Help for schools, playgroups, childcare and after-school care
It is exciting for every child to go to a new place. But for a gifted, more gifted or highly sensitive child, such a change is often extra drastic. Because she or he feels , thinks and is different . All those new impressions can be so confusing that such a child does not understand.

She (he) searches far too much behind the things that happen. Relates everything to itself. It must be me. Want to do something about it. But how, but what? The others understand something I don’t understand. Don’t want to be different from the others at all. Feels lonely and unsafe. Want to be part of it too. Observes the others closely, tries to imitate as a survival technique. Loses himself…

The stress of not understanding creates all-consuming uncertainty, even panic. Such a child will quickly make (parts of) itself invisible. Ignores his (her) developmental advantage and suddenly shows behavior that is too young, problem behavior or frustration behavior.

Scratched instead of clear drawings. Much less initiative, less autonomous, not knowing things anymore. Suddenly wet pants again. Smooth talking turns into gibberish or some kind of baby language. Quieter than before, crying a lot, withdrawn, dreamy or with outbursts, angry, aggressive or clownish behaviour. Can not sleep. Bad grades. Contrary at school and an angel at home. Or vice versa, at school an example for others and at home a sad, angry, frustrated pile of people.

How do you deal with it as a professional supervisor?
That is quite difficult. Especially because giftedness, giftedness and high sensitivity are not so common. As a result, you as a teacher, counselor or IS person do not immediately think of it. If a child can’t keep up, it’s usually less gifted, right? Both the questioned child and the questioned child can show the same behavior.

So you are more likely to ask less of the child than more . However, this is disastrous for these children. It aggravates their impotence. They should be given more depth, not less. The cause of their behavior lies (unconsciously) in not being addressed at their level. They feel held back, suffocated. Both in cognitive and personal development.

It’s brewing inside. When the frustration becomes too great, it erupts into fight, flight or freeze. And then there’s the problem behavior. Supervisors usually pay a lot of (well-intentioned) attention to that problem behavior. But usually overlook the initial development lead, when that is an important indication that there is more going on. After all, a child who is ahead for years does not suddenly stop.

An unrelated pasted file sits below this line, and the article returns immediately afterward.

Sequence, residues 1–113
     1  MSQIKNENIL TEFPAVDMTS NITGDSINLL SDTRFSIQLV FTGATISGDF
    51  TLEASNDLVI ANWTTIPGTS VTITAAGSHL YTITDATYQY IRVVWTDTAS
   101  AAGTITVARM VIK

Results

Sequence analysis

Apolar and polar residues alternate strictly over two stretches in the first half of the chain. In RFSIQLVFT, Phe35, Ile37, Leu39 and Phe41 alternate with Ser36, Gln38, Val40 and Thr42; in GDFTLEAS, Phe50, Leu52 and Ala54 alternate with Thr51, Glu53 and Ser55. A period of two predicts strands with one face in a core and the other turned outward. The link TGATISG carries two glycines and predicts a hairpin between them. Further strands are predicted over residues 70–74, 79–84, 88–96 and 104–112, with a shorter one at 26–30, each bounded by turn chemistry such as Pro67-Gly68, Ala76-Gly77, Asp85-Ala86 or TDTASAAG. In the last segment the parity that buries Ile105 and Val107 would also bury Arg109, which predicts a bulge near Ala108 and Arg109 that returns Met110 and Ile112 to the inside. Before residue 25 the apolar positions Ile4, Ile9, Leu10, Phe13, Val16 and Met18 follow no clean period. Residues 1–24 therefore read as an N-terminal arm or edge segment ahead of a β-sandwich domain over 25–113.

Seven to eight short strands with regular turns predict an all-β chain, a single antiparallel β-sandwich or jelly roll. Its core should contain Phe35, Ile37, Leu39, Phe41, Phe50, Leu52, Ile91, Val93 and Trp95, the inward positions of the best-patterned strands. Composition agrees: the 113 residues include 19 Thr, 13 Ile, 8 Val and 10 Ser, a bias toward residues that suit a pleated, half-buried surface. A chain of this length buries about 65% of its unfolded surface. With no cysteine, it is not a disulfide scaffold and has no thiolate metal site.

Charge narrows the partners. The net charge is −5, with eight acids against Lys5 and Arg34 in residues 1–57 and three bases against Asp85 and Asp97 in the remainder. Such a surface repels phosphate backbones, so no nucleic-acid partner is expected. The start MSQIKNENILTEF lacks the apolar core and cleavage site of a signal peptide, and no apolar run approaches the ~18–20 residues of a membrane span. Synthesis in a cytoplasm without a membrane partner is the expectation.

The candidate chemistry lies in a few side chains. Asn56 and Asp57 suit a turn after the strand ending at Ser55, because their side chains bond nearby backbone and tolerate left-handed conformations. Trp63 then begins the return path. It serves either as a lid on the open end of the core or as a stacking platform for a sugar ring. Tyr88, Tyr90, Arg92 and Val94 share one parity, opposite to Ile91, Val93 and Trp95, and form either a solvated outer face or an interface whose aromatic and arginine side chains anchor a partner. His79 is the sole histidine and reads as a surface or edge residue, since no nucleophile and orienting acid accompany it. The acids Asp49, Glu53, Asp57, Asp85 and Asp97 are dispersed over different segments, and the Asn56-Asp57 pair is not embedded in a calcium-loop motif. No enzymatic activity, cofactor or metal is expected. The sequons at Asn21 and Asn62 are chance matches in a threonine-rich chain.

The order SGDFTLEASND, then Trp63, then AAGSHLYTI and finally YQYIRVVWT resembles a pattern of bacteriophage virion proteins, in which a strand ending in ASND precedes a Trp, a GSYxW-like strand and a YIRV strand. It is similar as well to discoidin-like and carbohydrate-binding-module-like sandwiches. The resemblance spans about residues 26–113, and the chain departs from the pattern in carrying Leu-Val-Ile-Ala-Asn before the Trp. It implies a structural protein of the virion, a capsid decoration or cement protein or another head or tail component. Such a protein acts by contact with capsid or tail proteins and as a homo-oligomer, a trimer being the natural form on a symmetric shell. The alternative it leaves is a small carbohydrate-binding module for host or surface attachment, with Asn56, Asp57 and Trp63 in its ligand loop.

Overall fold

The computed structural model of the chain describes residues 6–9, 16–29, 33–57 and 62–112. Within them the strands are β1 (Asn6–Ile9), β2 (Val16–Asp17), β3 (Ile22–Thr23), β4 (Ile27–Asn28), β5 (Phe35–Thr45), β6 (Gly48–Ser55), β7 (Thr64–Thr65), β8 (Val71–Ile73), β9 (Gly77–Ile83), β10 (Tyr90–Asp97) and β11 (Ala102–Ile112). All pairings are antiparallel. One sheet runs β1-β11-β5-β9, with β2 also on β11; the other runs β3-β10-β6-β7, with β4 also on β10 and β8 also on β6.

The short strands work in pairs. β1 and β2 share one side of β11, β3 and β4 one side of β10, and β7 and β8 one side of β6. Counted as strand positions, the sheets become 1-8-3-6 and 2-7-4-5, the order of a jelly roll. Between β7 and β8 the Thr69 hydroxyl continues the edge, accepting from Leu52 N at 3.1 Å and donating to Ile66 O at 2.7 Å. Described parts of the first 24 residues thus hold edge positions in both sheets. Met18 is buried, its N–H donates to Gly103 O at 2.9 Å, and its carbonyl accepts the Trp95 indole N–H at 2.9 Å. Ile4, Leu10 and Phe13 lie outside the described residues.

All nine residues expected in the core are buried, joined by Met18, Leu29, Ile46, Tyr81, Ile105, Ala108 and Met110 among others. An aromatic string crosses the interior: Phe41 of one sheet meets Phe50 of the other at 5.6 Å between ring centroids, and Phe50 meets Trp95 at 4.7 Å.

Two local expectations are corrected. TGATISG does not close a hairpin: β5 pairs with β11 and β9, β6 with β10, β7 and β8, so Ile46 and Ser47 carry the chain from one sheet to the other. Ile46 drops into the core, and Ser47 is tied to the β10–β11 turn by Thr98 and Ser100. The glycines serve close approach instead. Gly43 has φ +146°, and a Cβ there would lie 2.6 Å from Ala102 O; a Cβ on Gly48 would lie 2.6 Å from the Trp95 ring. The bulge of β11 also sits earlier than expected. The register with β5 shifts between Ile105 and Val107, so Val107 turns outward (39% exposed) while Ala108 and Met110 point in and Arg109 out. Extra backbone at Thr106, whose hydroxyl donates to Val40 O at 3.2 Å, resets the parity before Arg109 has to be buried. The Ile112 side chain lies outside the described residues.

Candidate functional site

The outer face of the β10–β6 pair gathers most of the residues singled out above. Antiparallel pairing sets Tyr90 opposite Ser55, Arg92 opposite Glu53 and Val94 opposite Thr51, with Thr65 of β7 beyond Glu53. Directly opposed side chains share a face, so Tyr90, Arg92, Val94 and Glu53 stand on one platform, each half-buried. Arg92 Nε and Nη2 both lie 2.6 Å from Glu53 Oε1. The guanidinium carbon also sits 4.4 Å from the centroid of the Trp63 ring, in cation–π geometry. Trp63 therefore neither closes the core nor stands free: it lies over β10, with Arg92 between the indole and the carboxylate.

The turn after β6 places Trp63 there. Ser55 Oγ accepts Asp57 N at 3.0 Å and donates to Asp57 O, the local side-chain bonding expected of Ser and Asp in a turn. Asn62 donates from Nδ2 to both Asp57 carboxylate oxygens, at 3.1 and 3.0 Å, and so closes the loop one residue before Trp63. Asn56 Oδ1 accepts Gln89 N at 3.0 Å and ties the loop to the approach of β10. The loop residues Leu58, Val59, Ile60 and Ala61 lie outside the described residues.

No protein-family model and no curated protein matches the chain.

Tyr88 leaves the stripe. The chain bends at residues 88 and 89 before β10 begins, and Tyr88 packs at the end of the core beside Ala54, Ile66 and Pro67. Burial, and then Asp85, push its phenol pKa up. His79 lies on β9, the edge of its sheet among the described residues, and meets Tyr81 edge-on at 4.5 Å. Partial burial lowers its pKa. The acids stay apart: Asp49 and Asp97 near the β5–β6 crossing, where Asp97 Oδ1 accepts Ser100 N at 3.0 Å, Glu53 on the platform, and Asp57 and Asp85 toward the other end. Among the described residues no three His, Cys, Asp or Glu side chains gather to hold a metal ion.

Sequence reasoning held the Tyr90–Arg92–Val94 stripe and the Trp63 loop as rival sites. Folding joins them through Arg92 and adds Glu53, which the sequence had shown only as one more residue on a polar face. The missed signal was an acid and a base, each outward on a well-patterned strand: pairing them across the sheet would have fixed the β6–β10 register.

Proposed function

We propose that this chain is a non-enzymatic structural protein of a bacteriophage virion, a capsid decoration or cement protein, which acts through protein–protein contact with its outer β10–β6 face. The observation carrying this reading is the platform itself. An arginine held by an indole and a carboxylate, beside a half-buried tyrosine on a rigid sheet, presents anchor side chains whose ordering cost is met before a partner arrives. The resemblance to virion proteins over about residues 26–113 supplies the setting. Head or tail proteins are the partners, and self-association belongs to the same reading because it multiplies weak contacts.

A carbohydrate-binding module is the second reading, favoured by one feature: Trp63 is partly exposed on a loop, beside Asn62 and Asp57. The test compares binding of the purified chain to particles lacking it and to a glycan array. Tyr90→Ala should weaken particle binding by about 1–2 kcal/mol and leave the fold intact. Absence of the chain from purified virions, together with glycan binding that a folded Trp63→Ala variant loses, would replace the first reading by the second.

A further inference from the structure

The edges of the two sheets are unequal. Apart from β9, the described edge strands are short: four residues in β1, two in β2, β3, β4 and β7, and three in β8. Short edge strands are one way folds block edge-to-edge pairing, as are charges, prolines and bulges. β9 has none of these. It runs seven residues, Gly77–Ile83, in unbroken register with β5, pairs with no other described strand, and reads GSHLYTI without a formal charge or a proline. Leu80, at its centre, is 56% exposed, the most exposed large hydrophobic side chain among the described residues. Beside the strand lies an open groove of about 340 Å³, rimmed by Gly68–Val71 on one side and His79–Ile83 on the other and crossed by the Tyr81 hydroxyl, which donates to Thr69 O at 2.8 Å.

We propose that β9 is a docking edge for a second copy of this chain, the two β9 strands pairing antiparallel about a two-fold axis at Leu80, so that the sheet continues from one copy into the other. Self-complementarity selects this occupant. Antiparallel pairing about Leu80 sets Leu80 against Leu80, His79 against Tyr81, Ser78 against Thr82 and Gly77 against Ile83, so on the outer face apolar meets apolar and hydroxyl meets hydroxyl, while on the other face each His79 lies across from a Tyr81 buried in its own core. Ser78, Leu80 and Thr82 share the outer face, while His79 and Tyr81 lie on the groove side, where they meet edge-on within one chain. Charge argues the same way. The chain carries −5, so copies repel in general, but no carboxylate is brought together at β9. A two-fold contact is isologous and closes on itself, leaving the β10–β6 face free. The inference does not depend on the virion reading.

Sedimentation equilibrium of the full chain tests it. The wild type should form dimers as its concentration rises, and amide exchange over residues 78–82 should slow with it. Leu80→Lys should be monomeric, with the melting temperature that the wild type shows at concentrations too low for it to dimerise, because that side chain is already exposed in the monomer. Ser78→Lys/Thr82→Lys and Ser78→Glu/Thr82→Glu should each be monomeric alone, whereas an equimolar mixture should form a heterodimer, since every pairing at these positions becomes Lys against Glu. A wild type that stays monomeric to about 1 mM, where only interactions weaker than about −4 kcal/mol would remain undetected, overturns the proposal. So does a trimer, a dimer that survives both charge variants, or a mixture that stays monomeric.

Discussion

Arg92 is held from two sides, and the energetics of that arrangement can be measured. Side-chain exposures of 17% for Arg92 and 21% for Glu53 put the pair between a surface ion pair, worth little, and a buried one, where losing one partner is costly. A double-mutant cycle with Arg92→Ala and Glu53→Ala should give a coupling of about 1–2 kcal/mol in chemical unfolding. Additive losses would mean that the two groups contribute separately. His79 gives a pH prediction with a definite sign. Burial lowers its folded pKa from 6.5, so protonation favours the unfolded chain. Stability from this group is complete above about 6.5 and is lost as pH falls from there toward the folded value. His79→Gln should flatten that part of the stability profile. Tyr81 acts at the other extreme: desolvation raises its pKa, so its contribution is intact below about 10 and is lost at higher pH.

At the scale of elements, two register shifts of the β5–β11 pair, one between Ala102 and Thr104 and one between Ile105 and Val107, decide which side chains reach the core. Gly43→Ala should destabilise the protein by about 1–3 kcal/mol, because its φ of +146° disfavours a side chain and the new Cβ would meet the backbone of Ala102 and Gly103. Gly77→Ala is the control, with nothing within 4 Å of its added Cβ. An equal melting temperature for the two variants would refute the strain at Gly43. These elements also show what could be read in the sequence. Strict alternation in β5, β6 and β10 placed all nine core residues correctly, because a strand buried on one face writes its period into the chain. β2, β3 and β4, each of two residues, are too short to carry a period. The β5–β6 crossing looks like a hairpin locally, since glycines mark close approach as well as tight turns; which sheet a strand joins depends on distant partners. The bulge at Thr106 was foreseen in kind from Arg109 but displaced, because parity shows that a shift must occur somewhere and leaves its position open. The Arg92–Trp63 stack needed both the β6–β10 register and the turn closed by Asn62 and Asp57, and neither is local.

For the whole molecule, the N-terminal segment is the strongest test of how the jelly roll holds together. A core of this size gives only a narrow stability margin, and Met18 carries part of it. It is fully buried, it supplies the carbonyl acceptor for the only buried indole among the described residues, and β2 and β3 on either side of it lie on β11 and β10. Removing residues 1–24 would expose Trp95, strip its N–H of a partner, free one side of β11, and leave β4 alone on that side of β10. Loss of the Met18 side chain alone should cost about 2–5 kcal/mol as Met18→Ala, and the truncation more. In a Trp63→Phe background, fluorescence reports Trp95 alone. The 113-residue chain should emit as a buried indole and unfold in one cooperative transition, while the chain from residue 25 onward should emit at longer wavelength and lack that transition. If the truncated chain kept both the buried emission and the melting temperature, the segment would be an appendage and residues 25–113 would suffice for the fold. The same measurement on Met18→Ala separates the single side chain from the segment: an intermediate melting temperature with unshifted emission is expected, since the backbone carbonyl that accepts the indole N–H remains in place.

• Every child needs time to get used to it
  • But becoming invisible is never the intention.
  • Watch for signs of underperformance (going back in development).
  • Is your child throwing out all the frustration at home? And not at school? This is an alarm signal.
  • Tip: discuss this with the teacher as soon as possible.
  • It only takes children a few weeks to hide their giftedness or sensitivity.

Try and get lost
In the school career of these children, a wave pattern can often be seen. There are better and worse periods. The child then tries again and again and gets more and more lost. Sometimes there is little friction with one teacher and a lot with another.

Good interaction with the teacher is crucial. Also, having at least one boyfriend can make a big difference. Nevertheless, vigilance is required, because the boyfriend or the sweet teacher only helps the child survive temporarily. Without proper help, he or she continues to duck. And that usually does not end well, at some point this child is presented with the proverbial bill.

​Signals for parents
Parents see that their child constantly collides with one or more teachers. Or the child is less and less eager to go to school, until it simply refuses to go. Some children do not speak out but are masters at getting up too late, taking twenty minutes to make a sandwich and so on. While those tasks go wonderfully smoothly if, for example, they go to the zoo for a day.

There are also children who are completely exhausted after school. Their energy is all about holding their own in an inappropriate environment. Some then get the crying fits and screams at home that they feel bubbling up all day. Sometimes parents request a meeting with a surprised teacher only to hear from him or her that their screaming, stamping feet, refusing everything at school is an angel…

Signals for teachers and supervisors
If a child is only concerned with standing up, he is more or less starved at a developmental level. It really needs a challenge at a level, so that the development can continue. Otherwise it will underperform.

It even happens that it doesn’t even perform according to the group standard. We call that absolute underperformance . Performing below one’s own level but within the framework of the group is referred to as relatively underperforming . In both cases, the child is actually completely trapped.

  • They lose their motivation for school
  • Are confused about who they are and what they can do
  • Often develop performance anxiety
  • Experienced feelings of despair, powerlessness and hopelessness
  • Feeling left out, lonely
  • are sometimes bullied
  • Feeling not seen, not understood
  • Show disruptive behavior (dreaminess, frustration-anger, varying commitment)
  • Flight into a dream world (sometimes through games)

Are you in doubt? Would you like to consult?
Professionals at schools, play groups, childcare and after-school care can always contact us to discuss or discuss. You may also (anonymously) submit a case to us. We also offer practical training for teachers and supervisors. Call our location manager Esther Wolters-Ouburg directly on 06 22 24 18 93 , or send her an email .